Endowment honoring Corky seeks funding
POSTED: Tuesday, May 26, 2009
Today, the late Corky Trinidad would have reached the age of 70, and as far as we know, he never missed a deadline. Family, friends, colleagues and admirers have chosen this day to begin a campaign to memorialize Corky's artistic and professional legacy.
The “;Friends of Corky”; initiative aims to establish an endowment at the University of Hawaii Foundation to assist students, scholars and researchers in the fields spanning Corky's lifelong interests, including journalism, mass communication, fine arts—especially painting—performing arts and human rights.
A minimum of $35,000 is needed to name an endowment for Corky, who died Feb. 13. Upon reaching the amount, the UH Foundation will administer the endowment in conjunction with the Center for Philippine Studies at UH-Manoa.
“;Friends of Corky”; organizers are delighted that the Star-Bulletin has pledged a significant amount to the endowment project. Several pledges from various donors already have been received, some coming from friends and colleagues on the mainland and abroad.
Corky was a talented, tireless, delightful, devoted and loyal worker for the Star-Bulletin for nearly 40 years. I know that many people, especially in Hawaii's large Filipino community, subscribed to the paper because they loved Corky's cartoons. They would often greet each other with, “;Did you see Corky's cartoons today?”; or “;What do you think he meant by that cartoon today?”;
His fans obviously miss him.
Corky's cartoons were among the most widely distributed in Asia and Europe and in major U.S. publications such as The New York Times, USA Today, Los Angeles Times, Washington Post, Time and Newsweek. In 1965 he was syndicated by the Los Angeles-Washington Post Syndicate, the first Asian editorial cartoonist to be so honored.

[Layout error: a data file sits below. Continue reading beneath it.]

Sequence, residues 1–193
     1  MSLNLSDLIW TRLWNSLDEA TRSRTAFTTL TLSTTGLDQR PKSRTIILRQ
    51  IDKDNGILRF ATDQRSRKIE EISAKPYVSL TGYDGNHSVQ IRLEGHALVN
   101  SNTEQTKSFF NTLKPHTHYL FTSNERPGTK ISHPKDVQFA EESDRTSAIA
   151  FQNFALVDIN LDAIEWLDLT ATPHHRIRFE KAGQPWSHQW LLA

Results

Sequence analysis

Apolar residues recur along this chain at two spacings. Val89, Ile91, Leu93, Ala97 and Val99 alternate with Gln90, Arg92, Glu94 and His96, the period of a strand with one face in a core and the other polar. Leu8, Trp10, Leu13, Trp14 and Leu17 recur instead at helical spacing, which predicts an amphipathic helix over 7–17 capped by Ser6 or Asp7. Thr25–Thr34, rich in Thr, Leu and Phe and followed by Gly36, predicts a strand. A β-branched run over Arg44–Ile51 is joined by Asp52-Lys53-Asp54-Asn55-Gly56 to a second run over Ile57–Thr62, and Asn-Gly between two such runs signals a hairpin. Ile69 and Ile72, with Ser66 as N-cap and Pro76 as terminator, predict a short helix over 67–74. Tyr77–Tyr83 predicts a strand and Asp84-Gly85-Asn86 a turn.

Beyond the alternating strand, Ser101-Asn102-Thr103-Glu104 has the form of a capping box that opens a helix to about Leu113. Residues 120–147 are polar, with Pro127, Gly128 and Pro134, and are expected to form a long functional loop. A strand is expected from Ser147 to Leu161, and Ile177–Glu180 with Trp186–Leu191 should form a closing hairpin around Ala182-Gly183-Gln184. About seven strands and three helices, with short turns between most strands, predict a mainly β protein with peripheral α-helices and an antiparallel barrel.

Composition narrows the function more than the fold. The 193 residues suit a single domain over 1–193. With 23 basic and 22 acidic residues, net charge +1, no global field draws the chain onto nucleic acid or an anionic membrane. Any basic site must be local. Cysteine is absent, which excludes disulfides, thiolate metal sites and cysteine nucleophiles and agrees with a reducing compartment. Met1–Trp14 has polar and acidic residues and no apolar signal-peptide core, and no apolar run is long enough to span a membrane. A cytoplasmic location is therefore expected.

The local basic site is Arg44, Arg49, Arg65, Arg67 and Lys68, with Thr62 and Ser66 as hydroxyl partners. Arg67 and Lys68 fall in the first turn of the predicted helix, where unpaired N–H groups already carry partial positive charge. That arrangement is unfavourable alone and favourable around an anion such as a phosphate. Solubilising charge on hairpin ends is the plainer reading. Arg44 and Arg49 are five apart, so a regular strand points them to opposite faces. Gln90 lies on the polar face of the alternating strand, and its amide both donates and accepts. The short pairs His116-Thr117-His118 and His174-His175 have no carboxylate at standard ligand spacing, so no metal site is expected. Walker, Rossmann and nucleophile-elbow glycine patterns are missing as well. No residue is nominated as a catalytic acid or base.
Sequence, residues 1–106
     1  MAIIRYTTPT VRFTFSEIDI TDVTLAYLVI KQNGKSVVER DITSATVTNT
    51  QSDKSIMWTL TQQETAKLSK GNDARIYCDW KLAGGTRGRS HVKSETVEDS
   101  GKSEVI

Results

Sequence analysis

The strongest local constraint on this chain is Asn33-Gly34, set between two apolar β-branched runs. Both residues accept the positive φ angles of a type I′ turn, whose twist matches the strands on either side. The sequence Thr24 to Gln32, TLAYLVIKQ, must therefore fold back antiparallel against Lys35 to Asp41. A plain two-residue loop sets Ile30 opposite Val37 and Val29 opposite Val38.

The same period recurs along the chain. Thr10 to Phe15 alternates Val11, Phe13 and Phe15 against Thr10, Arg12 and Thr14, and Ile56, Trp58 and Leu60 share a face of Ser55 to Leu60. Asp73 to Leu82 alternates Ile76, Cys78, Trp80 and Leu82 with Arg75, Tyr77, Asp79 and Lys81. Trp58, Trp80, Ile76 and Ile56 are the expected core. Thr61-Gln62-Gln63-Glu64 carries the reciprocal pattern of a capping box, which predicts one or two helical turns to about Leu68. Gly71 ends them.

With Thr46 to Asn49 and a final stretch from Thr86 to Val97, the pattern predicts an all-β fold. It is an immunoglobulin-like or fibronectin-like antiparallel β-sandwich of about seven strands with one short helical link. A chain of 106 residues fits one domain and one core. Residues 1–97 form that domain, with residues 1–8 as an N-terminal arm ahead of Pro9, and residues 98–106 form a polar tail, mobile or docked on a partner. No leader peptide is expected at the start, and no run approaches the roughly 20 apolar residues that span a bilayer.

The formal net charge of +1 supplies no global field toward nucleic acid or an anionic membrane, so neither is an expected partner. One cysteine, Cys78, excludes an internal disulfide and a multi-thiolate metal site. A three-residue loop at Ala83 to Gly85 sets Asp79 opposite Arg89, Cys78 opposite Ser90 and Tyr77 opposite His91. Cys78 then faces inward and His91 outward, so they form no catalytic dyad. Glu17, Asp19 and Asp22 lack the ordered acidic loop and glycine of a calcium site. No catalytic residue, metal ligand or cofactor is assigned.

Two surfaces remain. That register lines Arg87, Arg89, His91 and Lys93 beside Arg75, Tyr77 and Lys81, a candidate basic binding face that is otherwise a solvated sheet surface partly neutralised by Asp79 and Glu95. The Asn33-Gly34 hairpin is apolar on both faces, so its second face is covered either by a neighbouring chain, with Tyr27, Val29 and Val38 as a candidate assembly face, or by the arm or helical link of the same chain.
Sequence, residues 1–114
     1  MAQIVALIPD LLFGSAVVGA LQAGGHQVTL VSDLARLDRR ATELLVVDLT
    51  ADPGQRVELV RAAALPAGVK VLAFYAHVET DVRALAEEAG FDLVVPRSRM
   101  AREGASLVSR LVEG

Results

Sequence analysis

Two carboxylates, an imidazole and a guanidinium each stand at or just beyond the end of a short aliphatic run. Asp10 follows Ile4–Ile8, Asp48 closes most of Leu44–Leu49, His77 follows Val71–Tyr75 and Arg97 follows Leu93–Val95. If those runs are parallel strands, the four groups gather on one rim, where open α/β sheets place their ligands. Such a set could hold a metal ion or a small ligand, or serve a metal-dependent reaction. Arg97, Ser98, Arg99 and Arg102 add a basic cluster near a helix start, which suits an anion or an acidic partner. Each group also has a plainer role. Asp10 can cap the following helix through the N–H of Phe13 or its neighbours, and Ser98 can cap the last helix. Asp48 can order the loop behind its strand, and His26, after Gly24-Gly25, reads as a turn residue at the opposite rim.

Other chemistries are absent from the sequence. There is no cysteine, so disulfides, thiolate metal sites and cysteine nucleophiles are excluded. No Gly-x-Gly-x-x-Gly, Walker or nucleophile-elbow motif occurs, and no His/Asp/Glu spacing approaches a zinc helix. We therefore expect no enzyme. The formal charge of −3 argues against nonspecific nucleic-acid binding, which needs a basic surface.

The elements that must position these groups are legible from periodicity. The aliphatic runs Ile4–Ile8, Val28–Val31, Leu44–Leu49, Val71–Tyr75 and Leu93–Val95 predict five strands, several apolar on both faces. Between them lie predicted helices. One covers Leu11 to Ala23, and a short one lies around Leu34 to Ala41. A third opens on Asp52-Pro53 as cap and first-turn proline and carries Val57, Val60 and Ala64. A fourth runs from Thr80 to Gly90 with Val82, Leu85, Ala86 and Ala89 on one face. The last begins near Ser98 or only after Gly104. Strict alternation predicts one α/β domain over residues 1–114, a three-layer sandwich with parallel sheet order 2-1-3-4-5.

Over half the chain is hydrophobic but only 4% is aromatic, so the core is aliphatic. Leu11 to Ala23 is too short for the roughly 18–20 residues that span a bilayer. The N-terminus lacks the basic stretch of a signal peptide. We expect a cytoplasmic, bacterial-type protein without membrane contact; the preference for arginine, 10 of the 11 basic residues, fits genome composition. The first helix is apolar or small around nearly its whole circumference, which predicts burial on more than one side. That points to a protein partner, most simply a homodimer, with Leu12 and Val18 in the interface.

By the late '60s, Corky's work at the Philippines Herald, was getting noticed—and not with amusement—by then-President Ferdinand Marcos, who would soon declare martial law. Feeling the heat and thinking of his future, Corky moved his family from the Philippines to Hawaii.
In 1969 he joined the Star-Bulletin, saying he was happy to work for a newspaper “;that has a journalistic attitude toward the cartoon and an editorial philosophy compatible with my own.”;
He said cartoons are not just “;editorial illustrations”; but “;commentaries”; that, first and always, must take a stand. He maintained that if Honore Daumier or Paul Conrad were made to draw cartoons only on the basis of corresponding editorials in the newspapers they worked for, “;those artists would be in limbo.”; In this regard, Corky said he objected to the label “;editorial cartoonist”; because the profession is really a craft that should be treated with more depth. A cartoon is not meant to entertain, he insisted, it is a work of art.
He once said about his craft, “;I have never seen a great cartoon that sat on a fence. I have never seen a great cartoonist who tried to be loved on all sides of the issue. The cartoon, to be really good and true to its purpose, must go beyond the specific subject matter for its content. The ultimate purpose is to take a very particular, topical subject and react to it in a way that sets down a universal principle.”;
Underlying his genius was the way he treated and used humor. He often quoted Abraham Lincoln who, according to Corky, gave the best definition of humor when he said, “;I laugh because I must not cry.”; The purpose of humor, he said, is “;to express the truth in another manner that softens the hurt. Like slapping someone with reality wrapped in a pillow.”;
The Corky Trinidad Endowment Fund will perpetuate Corky's long and distinguished legacy of independent thought and free expression through the arts.
Belinda A. Aquino is professor and director of the Center for Philippine Studies, School of Pacific and Asian Studies at the University of Hawaii-Manoa.